A Guide to Managing Your Study Time

Study Time.jpgA question that we are commonly asked here at ILSPA is how much time is needed to complete one of our courses. People want – or, probably more accurately, need – to know the study time required for their desired course before they embark on it. That way they know they are able to commit to the work needed to gain their qualification. However, establishing the time required is just the first step. Here is our guide to finding the time to manage your course along with your other commitments.

Set yourself a time frame and create a timetable

It is important to have an end goal in mind. Look to see when your deadline is and decide when exactly you want to have your work completed to make sure you can meet that date. It is advisable to finish your work before the actual deadline. Always give yourself a bit of leeway (even if it’s just a week or so) in case something unexpected occurs. Work out how many hours a week you need to set aside to meet that time frame. It is normally easier to find small portions of time in your schedule rather than longer stretches. For example, we advise setting aside eight hours a week for your Legal Secretaries Diploma to allow you to complete it in about six months.

Be realistic

When you have worked out how many hours you need to set aside, evaluate them to make sure this is actually doable, and adjust if necessary. For example, you may “want” to finish the course in three months, but if you work full time, putting aside 16 hours a week might not be realistic with your other responsibilities. Don’t set yourself up to fail.

When working out your timetable, look at your other commitments within that time frame too. If you have a holiday, a big work deadline or a family engagement, make allowances in your timetable.

Know what type of Student you are

Individuals study best in different ways. Some people can dip in and out of their studies, working best in small bursts of time; others need to set aside a large block and concentrate on that one thing. It might take you a couple of weeks to work out what kind of learner you are, especially if you are returning to education for the first time in a while, but once you think you know, factor it into your timetable. If you can work in small bursts, maybe utilise pockets of unused time you have already, such as your train journey or your lunch break. If you need long blocks of time, you can put aside a whole evening/afternoon a week. Knowing how you study best ensures your allocated study time is always productive.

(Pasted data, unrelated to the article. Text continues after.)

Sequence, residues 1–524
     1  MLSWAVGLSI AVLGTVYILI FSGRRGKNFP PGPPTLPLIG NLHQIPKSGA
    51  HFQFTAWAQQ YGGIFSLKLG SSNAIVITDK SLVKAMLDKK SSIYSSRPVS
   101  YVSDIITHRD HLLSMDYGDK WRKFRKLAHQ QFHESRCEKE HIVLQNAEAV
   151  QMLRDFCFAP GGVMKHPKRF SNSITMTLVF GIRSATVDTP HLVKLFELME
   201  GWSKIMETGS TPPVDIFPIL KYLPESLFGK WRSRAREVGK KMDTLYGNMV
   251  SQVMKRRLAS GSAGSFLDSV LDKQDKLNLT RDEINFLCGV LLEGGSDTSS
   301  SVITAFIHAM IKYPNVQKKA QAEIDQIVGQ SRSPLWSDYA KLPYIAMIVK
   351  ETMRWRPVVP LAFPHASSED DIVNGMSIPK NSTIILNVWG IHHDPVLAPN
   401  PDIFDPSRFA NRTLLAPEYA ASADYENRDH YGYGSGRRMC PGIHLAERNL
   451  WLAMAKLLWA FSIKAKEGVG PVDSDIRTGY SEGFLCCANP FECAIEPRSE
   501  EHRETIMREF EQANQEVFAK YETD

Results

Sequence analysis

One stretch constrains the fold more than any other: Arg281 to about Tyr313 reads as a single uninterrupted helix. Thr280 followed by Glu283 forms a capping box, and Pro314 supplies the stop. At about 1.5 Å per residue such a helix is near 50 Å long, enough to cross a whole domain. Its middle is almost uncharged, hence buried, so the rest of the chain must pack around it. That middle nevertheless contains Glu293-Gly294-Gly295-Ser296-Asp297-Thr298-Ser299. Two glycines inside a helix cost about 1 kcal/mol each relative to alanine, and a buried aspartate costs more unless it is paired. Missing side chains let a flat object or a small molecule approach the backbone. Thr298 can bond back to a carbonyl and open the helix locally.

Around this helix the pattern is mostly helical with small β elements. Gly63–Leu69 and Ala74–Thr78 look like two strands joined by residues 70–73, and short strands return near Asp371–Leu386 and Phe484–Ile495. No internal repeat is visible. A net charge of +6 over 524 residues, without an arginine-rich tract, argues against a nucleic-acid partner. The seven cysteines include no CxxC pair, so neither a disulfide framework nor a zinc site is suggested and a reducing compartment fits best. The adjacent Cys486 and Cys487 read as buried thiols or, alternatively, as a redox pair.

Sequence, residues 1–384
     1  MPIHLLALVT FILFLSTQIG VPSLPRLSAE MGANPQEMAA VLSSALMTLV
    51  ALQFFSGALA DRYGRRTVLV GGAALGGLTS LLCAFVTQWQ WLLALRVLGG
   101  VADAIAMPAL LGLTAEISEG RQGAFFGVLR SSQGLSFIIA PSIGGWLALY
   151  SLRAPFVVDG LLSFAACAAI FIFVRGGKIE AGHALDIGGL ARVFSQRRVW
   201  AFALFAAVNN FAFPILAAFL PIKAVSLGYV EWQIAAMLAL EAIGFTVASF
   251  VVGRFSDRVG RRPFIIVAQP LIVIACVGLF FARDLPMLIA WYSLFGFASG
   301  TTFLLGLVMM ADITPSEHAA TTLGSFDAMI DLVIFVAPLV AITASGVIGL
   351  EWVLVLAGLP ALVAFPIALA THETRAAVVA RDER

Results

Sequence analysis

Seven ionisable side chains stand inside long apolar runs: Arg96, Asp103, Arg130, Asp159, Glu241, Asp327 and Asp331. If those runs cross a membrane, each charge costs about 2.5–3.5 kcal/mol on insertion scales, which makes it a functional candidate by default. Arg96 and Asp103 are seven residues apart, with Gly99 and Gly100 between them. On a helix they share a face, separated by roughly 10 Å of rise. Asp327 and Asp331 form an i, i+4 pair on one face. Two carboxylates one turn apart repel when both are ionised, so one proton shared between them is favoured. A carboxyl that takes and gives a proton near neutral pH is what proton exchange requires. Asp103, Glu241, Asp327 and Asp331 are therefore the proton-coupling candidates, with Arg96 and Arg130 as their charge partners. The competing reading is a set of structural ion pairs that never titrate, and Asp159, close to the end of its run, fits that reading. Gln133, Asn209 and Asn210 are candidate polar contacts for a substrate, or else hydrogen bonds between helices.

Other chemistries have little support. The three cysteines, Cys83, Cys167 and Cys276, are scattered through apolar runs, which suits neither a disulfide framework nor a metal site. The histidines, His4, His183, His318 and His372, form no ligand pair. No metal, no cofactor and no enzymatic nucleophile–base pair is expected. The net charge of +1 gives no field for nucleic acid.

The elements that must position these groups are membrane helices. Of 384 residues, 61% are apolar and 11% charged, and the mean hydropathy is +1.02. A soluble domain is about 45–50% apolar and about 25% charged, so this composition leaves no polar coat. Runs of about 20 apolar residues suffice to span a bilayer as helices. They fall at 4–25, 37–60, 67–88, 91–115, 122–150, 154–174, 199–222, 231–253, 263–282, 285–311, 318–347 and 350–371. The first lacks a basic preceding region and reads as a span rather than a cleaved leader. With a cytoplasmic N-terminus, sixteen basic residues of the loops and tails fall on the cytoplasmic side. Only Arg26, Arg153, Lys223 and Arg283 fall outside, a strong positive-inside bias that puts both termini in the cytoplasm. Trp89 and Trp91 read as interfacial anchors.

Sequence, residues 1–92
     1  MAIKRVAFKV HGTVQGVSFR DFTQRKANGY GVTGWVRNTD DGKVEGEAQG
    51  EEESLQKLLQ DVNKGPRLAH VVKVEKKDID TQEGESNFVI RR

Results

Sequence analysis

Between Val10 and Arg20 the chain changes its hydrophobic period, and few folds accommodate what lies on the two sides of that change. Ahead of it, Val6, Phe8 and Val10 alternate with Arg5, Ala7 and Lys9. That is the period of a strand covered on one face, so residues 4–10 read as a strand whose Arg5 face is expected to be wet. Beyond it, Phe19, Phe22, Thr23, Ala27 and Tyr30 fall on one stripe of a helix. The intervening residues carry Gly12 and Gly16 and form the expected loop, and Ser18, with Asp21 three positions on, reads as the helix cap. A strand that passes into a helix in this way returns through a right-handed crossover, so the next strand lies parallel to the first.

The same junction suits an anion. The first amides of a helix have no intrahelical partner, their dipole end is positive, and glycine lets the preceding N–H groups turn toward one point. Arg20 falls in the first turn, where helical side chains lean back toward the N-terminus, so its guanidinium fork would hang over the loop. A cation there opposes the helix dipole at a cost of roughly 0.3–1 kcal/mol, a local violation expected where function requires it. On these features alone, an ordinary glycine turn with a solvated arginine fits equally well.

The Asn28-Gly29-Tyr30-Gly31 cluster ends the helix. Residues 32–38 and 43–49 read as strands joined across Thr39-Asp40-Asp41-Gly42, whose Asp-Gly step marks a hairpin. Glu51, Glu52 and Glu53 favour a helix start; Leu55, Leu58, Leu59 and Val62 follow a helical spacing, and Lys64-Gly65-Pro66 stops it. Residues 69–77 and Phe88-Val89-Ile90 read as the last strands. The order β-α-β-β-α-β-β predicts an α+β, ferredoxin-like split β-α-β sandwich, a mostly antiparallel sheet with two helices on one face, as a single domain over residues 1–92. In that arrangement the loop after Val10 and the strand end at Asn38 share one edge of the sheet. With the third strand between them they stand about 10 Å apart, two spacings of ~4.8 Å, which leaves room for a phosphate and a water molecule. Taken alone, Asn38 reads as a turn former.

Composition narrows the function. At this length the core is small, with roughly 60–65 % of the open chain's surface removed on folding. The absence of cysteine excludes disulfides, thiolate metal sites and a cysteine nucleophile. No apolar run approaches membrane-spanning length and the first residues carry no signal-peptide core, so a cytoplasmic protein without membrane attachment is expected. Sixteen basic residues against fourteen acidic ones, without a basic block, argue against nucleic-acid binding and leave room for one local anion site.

Review your time frame and timetable

If you often find that you haven’t managed to keep to your study timetable, don’t be afraid to review it. If your circumstances change, adjust your time frame accordingly. A study plan is important not just to allow you to work through your course steadily and in an organised manner, but also to give you the leeway to accommodate unforeseen circumstances.

Don’t leave things till the last minute

A study timetable can be brought in at any time during your studies; it does not necessarily need to have been in place from the moment of your enrolment. However, in order for it to be useful, you cannot leave your studies until the last minute – that will mean you will almost certainly have to rush them. Rushed work is unlikely to be your best effort. Being short of time will also mean that you will not have had the opportunity to check through your work properly. If any unexpected issues occur, you will not have the leeway to work around them. For these reasons a study timetable and predetermined time frame are fantastic tools for managing your studies.

If you would like further information about our courses, including the Legal Secretaries Diploma course, please visit the courses page on our website.